The USSR's Venera 7, launched in 1971, became the first craft to land on Venus. Venera 9 then transmitted the first pictures from the surface of another planet. These represent only two in the long Venera series; several other previous Venera spacecraft performed flyby operations and attempted landing missions. Seven other Venera landers followed.
Mariner 4, launched in 1965 by the U.S., became the first probe to fly by Mars; it transmitted completely unexpected images. The first spacecraft on Mars, Mars 3, launched in 1971 by the USSR, did not return pictures. The US Viking landers of 1976 transmitted the first such pictures.
The U.S also sent Pioneer 10 on a successful fly by of Jupiter in 1973. This foreshadowed the first flyby of Saturn in 1979 with Pioneer 11, and the first and only flybys of Uranus and Neptune with Voyager 2.
Launches and docking
The first space rendezvous took place between Gemini 6 and Gemini 7, both U.S. craft, on December 15 1965. Their successor, Gemini 8, performed the first space docking on March 16 1968. The first automatic space docking linked the USSR's Cosmos-186 and Cosmos-188 on October 30 1967.
Military competition in space
Out of view, but no less real a competition, the drive to develop space for military uses paralleled scientific efforts. Well before the launch of Sputnik 1, both the US and the USSR started developing plans for reconnaissance satellites. The Soviet Zenit spacecraft, which by the dual-use designed in by Korolev eventually became Vostok, began as a photoimaging satellite. It competed with the US Air Force's Discoverer series. Discoverer XIII provided the first payload recovered from space in August 1960 - one day ahead of the first Soviet recovered payload.
Both the US and USSR developed major military space programs, often following a pattern whereby the US only completed a mockup before its program ended, while the USSR built, or even orbited, theirs:
- Supersonic Intercontinental Cruise Missile: Navaho (test program stopped) vs. Buran cruise missile (plan)
- Small Winged Spacecraft: X-20 Dyna-Soar (mockup) vs. MiG-105 (flight-tested)
- Satellite Inspection Capsule: Blue Gemini (mockup) vs. Soyuz interceptor (plan)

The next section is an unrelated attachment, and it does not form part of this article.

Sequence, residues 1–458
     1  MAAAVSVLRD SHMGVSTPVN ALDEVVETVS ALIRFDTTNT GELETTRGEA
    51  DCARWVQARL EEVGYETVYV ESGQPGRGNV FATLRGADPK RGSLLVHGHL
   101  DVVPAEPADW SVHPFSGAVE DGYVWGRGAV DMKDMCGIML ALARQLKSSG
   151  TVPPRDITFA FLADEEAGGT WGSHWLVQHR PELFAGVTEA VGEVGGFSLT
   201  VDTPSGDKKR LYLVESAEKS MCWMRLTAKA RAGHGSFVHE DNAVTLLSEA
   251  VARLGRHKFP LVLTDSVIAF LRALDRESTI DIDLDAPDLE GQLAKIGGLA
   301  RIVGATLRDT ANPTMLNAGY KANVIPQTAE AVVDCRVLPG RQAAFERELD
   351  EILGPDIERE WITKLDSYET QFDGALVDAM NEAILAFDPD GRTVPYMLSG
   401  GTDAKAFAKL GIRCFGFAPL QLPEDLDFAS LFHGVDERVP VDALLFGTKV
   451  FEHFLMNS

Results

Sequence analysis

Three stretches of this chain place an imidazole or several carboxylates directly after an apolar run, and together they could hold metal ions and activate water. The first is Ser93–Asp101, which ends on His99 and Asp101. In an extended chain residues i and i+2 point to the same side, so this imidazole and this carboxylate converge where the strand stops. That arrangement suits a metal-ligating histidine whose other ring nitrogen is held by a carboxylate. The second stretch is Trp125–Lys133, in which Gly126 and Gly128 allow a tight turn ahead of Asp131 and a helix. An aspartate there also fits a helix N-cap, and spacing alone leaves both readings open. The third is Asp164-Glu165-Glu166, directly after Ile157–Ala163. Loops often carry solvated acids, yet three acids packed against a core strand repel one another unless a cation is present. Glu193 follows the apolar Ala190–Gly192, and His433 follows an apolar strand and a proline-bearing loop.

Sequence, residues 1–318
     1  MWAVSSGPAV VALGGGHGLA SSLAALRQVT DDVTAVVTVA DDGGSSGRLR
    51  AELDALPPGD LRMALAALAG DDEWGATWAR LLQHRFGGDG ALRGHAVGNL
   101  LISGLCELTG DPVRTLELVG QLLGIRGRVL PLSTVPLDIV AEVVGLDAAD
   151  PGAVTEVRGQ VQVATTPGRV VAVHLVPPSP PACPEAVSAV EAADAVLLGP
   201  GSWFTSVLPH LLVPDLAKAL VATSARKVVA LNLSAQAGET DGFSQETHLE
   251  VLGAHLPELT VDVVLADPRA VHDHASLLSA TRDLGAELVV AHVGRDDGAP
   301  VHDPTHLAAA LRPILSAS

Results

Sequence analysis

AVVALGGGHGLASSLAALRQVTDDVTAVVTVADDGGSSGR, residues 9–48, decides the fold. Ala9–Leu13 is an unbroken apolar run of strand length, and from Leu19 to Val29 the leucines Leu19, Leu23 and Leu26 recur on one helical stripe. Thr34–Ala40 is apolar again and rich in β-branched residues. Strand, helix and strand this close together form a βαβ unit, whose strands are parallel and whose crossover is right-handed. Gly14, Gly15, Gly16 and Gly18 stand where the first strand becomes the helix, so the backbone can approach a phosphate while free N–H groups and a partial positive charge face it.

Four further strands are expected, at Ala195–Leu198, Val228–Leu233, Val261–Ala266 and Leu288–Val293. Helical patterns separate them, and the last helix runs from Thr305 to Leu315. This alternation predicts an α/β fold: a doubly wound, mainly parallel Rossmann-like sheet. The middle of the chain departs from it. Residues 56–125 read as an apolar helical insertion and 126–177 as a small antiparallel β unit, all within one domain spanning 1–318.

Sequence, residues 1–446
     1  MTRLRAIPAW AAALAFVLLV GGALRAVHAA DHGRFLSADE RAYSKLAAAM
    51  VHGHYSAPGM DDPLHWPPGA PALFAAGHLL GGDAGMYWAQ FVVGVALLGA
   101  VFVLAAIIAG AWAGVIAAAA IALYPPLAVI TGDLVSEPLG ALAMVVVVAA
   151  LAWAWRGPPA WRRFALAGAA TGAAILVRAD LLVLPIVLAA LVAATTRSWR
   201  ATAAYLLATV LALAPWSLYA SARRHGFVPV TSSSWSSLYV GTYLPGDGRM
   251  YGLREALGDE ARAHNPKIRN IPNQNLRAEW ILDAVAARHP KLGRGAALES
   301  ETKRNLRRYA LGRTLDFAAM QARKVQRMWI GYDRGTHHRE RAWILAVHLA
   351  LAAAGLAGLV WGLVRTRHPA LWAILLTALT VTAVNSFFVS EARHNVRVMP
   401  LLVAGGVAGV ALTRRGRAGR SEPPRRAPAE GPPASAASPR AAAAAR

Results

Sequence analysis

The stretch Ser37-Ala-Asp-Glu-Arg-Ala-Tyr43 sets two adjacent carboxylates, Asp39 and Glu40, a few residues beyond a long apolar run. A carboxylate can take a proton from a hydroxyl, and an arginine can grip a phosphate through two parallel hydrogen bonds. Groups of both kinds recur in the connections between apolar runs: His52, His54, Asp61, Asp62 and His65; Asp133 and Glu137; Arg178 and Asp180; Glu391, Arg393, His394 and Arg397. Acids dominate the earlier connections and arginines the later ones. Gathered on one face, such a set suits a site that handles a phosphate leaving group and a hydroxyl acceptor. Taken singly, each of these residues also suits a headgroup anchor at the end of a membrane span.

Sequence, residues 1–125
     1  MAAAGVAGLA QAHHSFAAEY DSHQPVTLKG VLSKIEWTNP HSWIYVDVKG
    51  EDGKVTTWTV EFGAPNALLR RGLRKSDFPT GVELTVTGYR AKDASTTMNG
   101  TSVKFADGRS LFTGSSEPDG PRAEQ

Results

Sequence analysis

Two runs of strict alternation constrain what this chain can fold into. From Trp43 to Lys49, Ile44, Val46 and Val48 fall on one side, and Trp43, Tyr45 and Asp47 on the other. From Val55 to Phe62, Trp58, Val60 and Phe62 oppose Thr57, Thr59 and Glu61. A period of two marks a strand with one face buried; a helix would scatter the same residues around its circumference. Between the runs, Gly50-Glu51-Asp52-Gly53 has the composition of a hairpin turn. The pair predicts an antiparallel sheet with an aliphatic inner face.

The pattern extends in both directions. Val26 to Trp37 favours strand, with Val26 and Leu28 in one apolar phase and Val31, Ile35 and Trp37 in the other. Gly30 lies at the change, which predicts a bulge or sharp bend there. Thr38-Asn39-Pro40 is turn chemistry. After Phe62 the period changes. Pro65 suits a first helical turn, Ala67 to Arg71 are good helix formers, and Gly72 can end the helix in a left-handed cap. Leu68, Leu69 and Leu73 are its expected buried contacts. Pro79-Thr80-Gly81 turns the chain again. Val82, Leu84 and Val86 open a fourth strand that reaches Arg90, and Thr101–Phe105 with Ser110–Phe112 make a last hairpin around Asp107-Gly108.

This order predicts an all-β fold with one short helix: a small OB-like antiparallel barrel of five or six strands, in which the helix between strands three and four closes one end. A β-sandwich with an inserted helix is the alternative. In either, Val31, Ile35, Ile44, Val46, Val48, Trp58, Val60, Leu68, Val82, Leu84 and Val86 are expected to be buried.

- Military Space Station: MOL (plan) vs. Almaz (flown somewhat modified as Salyut 2, 3, and 5)
- Military Capsule with hatch in heat shield: Gemini B (tested crewless in space) vs. VA TKS, also known as Merkur space capsule (flown crewless as part of TKS)
- Ferry to Military Space Station: Gemini Ferry (plan) vs. TKS (flown crewless in space, and docked with a Salyut)
The "end" of the Space Race
While the Sputnik 1 launch can clearly be called the start of the Space Race, its end is more debatable. Most hotly contested during the 1960s, the Space Race continued apace through the Apollo moon landing of 1969. Although they followed Apollo 11 with five more manned lunar landings, American space scientists turned to new arenas. Skylab would gather data, and the Space Shuttle would work on returning spaceships intact from space journeys. Americans would claim that by first landing a man on the moon they had won this unofficial "race". Soviet scientists meanwhile pushed ahead with their own projects, and would likely not have conceded anything like defeat. In any event, as the Cold War cooled, and as other nations began to develop their own space programs, the notion of a continuing "race" between the two superpowers became less real.
Both nations had developed manned military space programs. The USAF had proposed using its Titan missile to launch the Dyna-Soar hypersonic glider to use in intercepting enemy satellites. The plan for the Manned Orbiting Laboratory (using hardware based on the Gemini program to carry out surveillance missions) superseded Dyna-Soar, but this also suffered cancellation. The USSR commissioned the Almaz program for a similar manned military space station, which merged with the Salyut program.
The Space Race slowed after the Apollo landing, which many observers describe as its apex or even as its end. Others, including space historian Carole Scott and Romanian Dr. Florin Pop's Cold War Project, feel its end came most clearly with the joint Apollo-Soyuz mission of 1975. The Soviet craft Soyuz-19 met and docked in space with America's Apollo 18, allowing astronauts from the "rival" nations to pass into each other's ships and participate in combined experimentation. Although each country's endeavors in space persisted, they went largely in different "directions", and the notion of a continuing two-nation "race" became outdated after Apollo-Soyuz.
Even at this point of cooperation the Soviet leadership was alarmed at the prospect of USAF involvement with the Space Shuttle programme and began the competing Buran and Energia projects. In the early 1980s the commencement of the US Strategic Defense Initiative further escalated competition that only resolved with the collapse of the Eastern Bloc in 1989.
Organization, funding and the economic impact
The huge expenditures and bureaucracy needed to organize successful space exploration led to the creation of national space agencies. The United States and the Soviet Union developed programs focused solely on the scientific and industrial requirements for these efforts.